October is Women’s History Month in Canada. It is a time to recognize the achievements and contributions by women from the past and present, who are making Canada a better and more inclusive place to live.
The theme for this year is “Through Her Lens: Commemorating the Diversity of Women.” During this month, we are shining a spotlight on the exceptional women at Covenant House Vancouver who tirelessly strive to foster equity and inclusivity in our workplace and in the care that we provide to youth who journey with us.
What department do you work in and what is your job title?
Associate Director, Technology and Innovation. I oversee all the technology at Covenant House (along with my awesome team). I also oversee our building projects, including the current Pender renovation.
How long have you worked at Covenant House Vancouver (CHV)?
How did you find out about CHV and what made you want to work here?
A friend of mine worked here for a long time and recommended the job of managing technology, when it came up years ago. She loved working at CHV, and knew that I wanted a job where I could make a positive impact.
Could you share a memorable interaction with a youth or donor?
I don’t get to interact with the youth or donors very often, but hearing all of the stories about how much the youth enjoy the new Drake building and the spaces that we built just for them, is really satisfying.
If you had to describe CHV in so many words, what would you say?
CHV is an incredible place where there is a full-force effort to meet the needs of every individual youth who comes into our care. We know that our teamwork makes the difference in the lives of youth, and it shows.
What motivates you to show up to work every day?
Knowing that finishing the Pender renovation will make 44 beds available for youth who are in desperate need of housing, pushes me every day. Also, I’m motivated to get that space right for those youth. I want to make sure that it is a place where they can grow, feel more independent, and learn life skills, as they prepare to move out into the world.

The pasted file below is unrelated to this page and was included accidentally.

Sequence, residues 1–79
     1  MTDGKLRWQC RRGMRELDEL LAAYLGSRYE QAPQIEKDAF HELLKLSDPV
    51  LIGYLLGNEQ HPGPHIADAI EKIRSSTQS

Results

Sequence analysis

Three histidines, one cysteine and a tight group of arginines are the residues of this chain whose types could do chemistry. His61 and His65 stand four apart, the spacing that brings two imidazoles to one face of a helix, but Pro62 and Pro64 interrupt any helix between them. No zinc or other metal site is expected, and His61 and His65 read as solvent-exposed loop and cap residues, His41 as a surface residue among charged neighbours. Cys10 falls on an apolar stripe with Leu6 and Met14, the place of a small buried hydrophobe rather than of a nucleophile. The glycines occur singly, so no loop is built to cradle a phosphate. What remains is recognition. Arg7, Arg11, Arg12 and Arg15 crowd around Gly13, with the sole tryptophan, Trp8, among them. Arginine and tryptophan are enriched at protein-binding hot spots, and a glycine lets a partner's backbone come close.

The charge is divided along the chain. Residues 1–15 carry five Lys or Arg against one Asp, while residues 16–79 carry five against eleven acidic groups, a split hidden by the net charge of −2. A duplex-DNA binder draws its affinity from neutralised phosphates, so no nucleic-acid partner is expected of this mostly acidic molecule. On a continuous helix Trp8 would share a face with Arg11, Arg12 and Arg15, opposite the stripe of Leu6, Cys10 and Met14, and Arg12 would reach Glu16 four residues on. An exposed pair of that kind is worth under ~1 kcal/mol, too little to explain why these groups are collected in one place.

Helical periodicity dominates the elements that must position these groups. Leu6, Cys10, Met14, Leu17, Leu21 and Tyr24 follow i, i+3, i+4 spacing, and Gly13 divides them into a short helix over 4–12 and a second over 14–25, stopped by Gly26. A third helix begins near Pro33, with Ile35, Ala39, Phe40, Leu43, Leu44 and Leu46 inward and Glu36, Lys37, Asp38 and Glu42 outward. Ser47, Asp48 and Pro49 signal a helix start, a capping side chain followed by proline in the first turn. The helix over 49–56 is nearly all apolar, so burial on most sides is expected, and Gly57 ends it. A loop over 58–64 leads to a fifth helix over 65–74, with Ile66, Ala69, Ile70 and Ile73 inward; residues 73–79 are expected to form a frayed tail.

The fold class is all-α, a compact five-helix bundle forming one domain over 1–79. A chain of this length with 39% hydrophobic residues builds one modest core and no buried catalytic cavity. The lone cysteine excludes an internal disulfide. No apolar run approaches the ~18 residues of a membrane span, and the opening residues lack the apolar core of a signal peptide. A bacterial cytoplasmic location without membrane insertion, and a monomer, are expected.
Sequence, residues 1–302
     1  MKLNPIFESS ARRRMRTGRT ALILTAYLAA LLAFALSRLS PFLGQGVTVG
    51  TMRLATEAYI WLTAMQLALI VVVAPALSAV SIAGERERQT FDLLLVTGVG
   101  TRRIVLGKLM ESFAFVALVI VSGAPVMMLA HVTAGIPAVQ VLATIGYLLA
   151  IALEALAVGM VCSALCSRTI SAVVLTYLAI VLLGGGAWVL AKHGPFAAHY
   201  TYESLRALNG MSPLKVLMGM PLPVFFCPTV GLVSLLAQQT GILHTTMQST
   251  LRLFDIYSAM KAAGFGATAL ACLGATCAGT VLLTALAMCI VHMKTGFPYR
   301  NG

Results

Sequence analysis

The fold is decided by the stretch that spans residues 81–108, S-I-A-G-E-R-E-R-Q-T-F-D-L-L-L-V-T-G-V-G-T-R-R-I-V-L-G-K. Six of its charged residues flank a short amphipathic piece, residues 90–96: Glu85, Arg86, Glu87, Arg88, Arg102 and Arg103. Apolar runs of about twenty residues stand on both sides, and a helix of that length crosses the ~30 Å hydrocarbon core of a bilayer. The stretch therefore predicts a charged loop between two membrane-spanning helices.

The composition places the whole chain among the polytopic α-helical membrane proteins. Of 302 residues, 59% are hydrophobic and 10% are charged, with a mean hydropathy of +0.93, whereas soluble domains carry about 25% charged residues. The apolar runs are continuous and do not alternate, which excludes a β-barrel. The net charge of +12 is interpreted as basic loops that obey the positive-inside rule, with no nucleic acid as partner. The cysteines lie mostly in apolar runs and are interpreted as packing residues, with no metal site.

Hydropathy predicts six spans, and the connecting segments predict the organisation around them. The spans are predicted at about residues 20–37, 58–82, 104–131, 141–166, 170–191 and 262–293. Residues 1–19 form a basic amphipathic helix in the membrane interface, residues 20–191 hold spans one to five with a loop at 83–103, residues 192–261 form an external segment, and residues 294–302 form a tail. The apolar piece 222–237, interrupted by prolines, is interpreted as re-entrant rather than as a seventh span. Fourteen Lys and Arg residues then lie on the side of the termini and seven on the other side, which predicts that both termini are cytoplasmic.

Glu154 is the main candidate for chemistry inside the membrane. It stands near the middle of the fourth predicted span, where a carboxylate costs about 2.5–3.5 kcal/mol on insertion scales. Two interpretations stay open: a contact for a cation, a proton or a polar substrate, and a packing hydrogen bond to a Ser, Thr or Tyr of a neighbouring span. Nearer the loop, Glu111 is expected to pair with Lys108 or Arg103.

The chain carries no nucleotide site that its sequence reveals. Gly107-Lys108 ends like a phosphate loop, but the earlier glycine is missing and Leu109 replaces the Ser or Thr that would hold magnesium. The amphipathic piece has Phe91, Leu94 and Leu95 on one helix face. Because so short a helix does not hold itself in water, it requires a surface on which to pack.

Why is CHV important?
The longer I work here, the more I realize that we are a model and an inspiration for other organizations across BC, and throughout North America. When people hear or see what we offer, they want to know how to replicate it in their communities. It is really inspiring to know that not only do we have a lot to offer the youth who access our programs and services, but that we can be helping future youth in other communities, by inspiring those communities to create their own youth programs and housing.
What do you love about your job and working at CHV?
I love the variety in my job. Every day I wake up knowing that it will be different from yesterday. I also love working with people from all over the organization, as well as our external partners, to solve problems, whether they are technical, or construction related.
Could you tell us about 2–3 accomplishments that you’ve achieved and why you are proud of them?
Working on, and completing, the Drake building was a big accomplishment. It was my first project of this kind, but with my project management background and love of learning, it was a natural fit. I’m proud to be a part of housing creation for those in need of it. I’m also proud of how far we have come in our technology and cyber security over the past few years. We have a big responsibility to protect our donors’, employees’, and clients’ data. The protections that we have in place and the training that we do as employees are held to a high standard because of that.
Do you have a role model or someone who inspires you?
My dad inspires me. He is creative, generous, wise, and a man of deep Christian faith. I love when I get to visit with him and have debates. We don’t always agree, but he has taught me how to listen to others and think through my ideas. He is also amazing at turning ideas into reality. Anything he pursues he accomplishes, including writing a book and building a huge cedar maze and zipline at our Christmas tree farm.
How can society better support women to work towards equity? What are the roadblocks?
Women around the world still face discrimination in so many ways, whether it is related to health, education, the right to work, or even the spaces that we can be included in, without fear or repercussions. I feel that education and listening are key, specifically in North America, where on paper women have a lot of rights, but in reality, are still limited in how our voice is heard and how we are treated.
What does Women’s History Month mean to you?
This is a great time to be reminded of everything that women have accomplished in the past, but also that we have a ways to go for full equality. There is still more work to be done.
Thank you, Dana, for sharing your thoughts and inspiring words.